Thanks for your support! I hope we'll meet some time. :)


  2. hi Sare, LOVE your new garden and pomegranate.


  3. No words of inspiration or comfort come to me without sounding trite or conceited, I wish you a better tomorrow.

    1. I'm sure you wouldn't sound conceited, but I understand how it may seem that way. No worries!
      Thanks for your support in just writing and acknowledging. I appreciate each letter.

      B'sorot tovot,

    2. ... and yes, the tomorrow you mentioned yesterday was much better. :)

  4. You are doing a great job with your garden. Looks great!

  5. Beautiful! So healing to get yourself dirty grounded.

    1. Yes, it is! It's awesome to get dirty and sweaty then have a fabulous, luxurious warm shower or bath.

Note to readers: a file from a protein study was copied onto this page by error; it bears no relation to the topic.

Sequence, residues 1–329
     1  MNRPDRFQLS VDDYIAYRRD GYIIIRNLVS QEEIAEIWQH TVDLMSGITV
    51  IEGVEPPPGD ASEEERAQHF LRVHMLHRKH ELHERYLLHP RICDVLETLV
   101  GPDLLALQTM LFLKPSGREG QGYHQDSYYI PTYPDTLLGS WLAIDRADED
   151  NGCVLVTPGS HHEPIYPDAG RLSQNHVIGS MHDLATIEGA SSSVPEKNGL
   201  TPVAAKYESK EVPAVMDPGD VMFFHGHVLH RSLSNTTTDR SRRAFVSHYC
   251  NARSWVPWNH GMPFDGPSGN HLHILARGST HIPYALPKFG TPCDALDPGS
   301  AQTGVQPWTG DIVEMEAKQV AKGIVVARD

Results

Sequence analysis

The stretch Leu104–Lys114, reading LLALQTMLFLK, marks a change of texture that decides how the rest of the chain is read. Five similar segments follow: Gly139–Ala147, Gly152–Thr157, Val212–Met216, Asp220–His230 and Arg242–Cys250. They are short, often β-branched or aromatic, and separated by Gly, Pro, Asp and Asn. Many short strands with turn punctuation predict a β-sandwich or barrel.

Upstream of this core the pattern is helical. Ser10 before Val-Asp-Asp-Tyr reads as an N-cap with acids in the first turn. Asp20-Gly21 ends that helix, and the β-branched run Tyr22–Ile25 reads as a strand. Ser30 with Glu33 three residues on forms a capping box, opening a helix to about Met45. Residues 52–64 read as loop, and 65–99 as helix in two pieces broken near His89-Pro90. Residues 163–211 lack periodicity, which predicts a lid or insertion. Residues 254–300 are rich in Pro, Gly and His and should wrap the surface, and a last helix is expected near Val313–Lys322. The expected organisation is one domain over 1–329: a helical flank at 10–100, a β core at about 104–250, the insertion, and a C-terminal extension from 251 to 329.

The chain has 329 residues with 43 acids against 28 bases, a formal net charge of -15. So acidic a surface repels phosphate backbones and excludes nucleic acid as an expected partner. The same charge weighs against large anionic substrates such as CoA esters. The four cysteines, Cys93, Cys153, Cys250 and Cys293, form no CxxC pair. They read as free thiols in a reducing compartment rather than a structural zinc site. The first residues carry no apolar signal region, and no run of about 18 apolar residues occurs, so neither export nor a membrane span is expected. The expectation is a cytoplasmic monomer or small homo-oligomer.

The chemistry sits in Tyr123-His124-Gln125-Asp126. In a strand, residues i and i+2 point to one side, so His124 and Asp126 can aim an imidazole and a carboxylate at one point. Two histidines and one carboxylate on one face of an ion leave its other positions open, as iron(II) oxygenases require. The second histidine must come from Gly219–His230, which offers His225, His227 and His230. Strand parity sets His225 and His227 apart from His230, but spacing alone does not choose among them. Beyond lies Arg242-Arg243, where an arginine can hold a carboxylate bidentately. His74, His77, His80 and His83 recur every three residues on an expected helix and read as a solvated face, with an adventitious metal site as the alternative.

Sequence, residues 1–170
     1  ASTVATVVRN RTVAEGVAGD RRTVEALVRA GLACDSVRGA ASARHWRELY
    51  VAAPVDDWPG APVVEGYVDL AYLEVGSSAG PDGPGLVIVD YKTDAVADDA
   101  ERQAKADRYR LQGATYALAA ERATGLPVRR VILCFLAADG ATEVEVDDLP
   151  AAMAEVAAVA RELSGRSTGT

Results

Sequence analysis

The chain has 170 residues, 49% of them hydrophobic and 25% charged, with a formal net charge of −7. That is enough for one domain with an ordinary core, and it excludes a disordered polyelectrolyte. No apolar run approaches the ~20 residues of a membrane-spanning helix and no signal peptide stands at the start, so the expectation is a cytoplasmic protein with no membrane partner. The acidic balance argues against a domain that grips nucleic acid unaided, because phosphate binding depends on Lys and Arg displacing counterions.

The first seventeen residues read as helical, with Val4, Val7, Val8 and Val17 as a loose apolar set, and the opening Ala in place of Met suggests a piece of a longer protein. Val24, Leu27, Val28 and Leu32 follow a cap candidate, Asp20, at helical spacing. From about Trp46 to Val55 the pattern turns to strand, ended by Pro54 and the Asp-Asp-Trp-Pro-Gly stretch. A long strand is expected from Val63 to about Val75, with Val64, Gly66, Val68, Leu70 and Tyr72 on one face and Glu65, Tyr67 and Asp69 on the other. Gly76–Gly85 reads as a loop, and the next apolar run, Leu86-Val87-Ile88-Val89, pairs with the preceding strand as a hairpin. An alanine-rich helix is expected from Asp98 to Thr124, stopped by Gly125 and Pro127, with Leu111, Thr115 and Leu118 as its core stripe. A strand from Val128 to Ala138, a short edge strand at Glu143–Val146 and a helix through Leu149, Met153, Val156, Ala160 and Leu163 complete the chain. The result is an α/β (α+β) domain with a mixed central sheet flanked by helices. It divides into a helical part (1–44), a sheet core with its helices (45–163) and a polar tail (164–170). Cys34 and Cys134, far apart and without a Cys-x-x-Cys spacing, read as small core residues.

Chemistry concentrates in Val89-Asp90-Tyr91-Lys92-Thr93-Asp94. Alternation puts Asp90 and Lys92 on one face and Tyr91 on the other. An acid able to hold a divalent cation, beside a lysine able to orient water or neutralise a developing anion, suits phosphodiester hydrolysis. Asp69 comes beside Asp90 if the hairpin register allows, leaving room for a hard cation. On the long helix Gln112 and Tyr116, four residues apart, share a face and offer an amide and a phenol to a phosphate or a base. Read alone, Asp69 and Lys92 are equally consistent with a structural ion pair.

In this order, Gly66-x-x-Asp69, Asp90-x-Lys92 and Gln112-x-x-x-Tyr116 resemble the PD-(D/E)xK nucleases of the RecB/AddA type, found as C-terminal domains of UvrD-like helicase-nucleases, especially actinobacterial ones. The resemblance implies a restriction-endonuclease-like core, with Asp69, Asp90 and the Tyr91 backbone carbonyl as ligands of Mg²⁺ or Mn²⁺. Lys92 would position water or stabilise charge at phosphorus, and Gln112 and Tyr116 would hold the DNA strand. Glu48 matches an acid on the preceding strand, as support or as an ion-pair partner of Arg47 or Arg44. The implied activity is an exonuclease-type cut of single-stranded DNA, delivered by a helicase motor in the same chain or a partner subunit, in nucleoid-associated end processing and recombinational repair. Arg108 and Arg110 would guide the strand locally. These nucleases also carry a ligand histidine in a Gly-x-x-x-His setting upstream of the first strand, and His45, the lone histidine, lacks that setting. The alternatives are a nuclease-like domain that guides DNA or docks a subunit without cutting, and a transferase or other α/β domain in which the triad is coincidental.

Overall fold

6. Sarah, love, I was reading your Chronicles piece about your sadness on Lag B'Omer, and it occurred to me just how understandable your emotional response is. It seems to me that what you're "observing" is something of a yahrzeit. Yes, you woke up from the coma, which is a cause for celebrating with many prayers of thanksgiving. I'm sure I'm not the only one of your friends and relatives who consistently send up those prayers. But at the same time, you still feel grief for the two months of your life that are lost and can never be retrieved. I'm also sure you continue to grieve for the other things you've lost since--your mobility, your independence, your peace of mind (will this horrible thing come back?), the joy of spontaneous quality times with your husband and kids, your feelings of security, and L-rd knows what else. That grief is real, and it would surprise me greatly if this anniversary didn't open the wounds caused by all you've lost.